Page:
Indiana Daily Student

OPINION: New Year’s resolutions for the remaining Super Bowl contenders

<p>Kansas City Chiefs quarterback Patrick Mahomes celebrates after throwing a touchdown pass Jan. 12 at Arrowhead Stadium in Kansas City, Missouri. The Chiefs will play the Tennessee Titans Jan. 19 for the AFC championship game.</p>

Kansas City Chiefs quarterback Patrick Mahomes celebrates after throwing a touchdown pass Jan. 12 at Arrowhead Stadium in Kansas City, Missouri. The Chiefs will play the Tennessee Titans Jan. 19 for the AFC championship game.

Two weeks after the ball dropped in Times Square, countless gym memberships and diet plans are concluding their brief life cycles. But as most Americans bid their lofty aspirations adieu, the pressure is greater than ever for four NFL teams to proclaim, “New year, new me.”

Tennessee Titans

Going 9-7 in four consecutive seasons paints a certain picture of an organization. In the case of the Titans, that image is an amorphous blob, a roster with few weaknesses but fewer stars. Never out of the playoff hunt, yet hardly ever more than a divisional round challenger, Tennessee’s foremost flaw as of late has been a lack of identity.

That is, until running back Derrick Henry ushered in an offensive renaissance with 377 yards on 64 carries in two postseason outings. Paired with a boa constrictor of a defense, Henry has given the Titans a personality: a new age rushing attack that pummels its opposition into submission for sixty excruciating minutes.

Defensive coordinator Dean Pees’ troop made the ageless Tom Brady show wrinkles and gave the unflappable Lamar Jackson a case of the yips. 

In a league dominated by passing, the Titans’ mentality of attacking by land may sound passé. January provides an opportunity for Tennessee to find a niche where few have dared to look and defy the notion that the Lombardi trophy can not be claimed by sheer force.

Kansas City Chiefs

After quarterback Patrick Mahomes’ 50-touchdown MVP campaign, it seemed simple providence that the Chiefs’ signal caller would eviscerate secondaries throughout 2019. Naturally, fans felt spurned when they saw an injury-addled Mahomes pop up more often in State Farm commercials than highlight reels. 

Such is the fickle nature of a football audience for which statistics reign supreme. After all, no-look passes do not translate into fantasy points. Yet amid what some have naively deemed a sophomore slump, Mahomes and the Chiefs erupted with a 51-31 shellacking of the Texans on Sunday that stuffed even the most gluttonous lovers of scoring.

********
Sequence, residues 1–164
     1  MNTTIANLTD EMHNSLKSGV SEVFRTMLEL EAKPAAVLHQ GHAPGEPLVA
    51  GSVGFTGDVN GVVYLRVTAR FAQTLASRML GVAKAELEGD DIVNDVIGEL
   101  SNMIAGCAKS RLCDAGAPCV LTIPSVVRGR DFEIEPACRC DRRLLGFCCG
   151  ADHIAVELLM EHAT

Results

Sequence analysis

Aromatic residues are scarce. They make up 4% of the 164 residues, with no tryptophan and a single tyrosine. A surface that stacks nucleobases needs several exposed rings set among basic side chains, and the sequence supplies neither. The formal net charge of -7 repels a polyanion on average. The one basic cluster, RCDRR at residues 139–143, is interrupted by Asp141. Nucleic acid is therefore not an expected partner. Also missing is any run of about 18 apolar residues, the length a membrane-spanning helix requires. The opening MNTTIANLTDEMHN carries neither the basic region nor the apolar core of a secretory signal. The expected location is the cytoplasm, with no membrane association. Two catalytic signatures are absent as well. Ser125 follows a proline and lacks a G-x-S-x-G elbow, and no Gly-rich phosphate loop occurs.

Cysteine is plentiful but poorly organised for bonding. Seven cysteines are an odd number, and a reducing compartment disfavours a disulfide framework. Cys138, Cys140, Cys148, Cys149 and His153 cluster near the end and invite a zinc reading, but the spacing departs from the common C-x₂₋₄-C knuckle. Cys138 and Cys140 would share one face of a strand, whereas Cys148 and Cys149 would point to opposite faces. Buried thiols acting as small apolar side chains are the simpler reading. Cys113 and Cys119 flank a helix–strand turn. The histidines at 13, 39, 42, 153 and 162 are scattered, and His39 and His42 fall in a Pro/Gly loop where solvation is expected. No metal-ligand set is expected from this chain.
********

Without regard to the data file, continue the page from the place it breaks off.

Sure, the 2019 CHiefs did not alwats own the numbers game, but they consistently found ways to come out on top. Tennessee’s defense may have a penchant to suffocate its opponents, but Kansas City’s offense has shown that it needs only a single atom of oxygen to ignite. To silence their skeptics, the Chiefs will rely on end zone frequent flyers like Travis Kelce and Tyreek Hill to prove that the only numbers of any real consequence are those on the scoreboard. 

San Francisco 49ers

At long last, the hype train has arrived at the station. A year behind schedule, if you ask 49er faithfuls who cite quarterback Jimmy Garoppolo as the second coming of Joe Montana. But the best things in life are worth waiting for, and San Francisco finally finds a wealth of skill on its depth chart instead of its injured reserve list.

Following a convincing triumph over the Vikings on Saturday, it is easy to overlook San Francisco’s uglier wins. Just one score spared the 49ers from defeat in five of their 13 victories.

This is all too common when a team has a growth spurt. Just because it starts winning, it does not necessarily fill out its broad shoulder pads. Even the white-hot Ravens were smothered by a more experienced, albeit less talented, adversary. 

Great teams do not simply take care of business, they do so with a killer instinct. True, the Niners exercised nothing resembling mercy against their weaker foes such as the Bengals and Panthers, but until Garoppolo’s precision and tight end George Kittle’s reliability manifest in the box score, there will remain doubts as to whether or not the rush of 2020 is comprised of fool’s gold. 

Green Bay Packers

The Packers of today are eerily similar to the most recent iteration of the Patriots: A group that is average by nearly every major metric that just so happens to have a superstar lining up under center. 

While mimicking a dynasty that has claimed three Super Bowls in five seasons has its advantages, there is a reason Tom Brady is vacationing early this winter. What happens if quarterback Aaron Rodgers has a headache or wide receiver Davante Adams catches a cold? Look no further than early-season losses to the Chargers and Eagles for the answer.

Despite Rodgers wielding a cannon for an arm, Green Bay’s Achilles’ heel remains a lack of firepower. Still, the Packers have playmakers for whom production dwarfs jersey sales.

Wideout Allen Lazard has maintained his reputation as an overachiever from his time at Iowa State University, steadily evolving into one of the better receivers from the 2018 class despite going undrafted.

Though linebackers Preston and Za’Darius Smith may not quite fill the Clay Matthews-shaped hole in the hearts of Packer partisans, the duo is the foundation of Green Bay’s defense. 

If these key pieces on both sides of the ball can take a stride toward stardom, the rest of the Packers will march in tow, straight to Hard Rock Stadium on Feb. 2.

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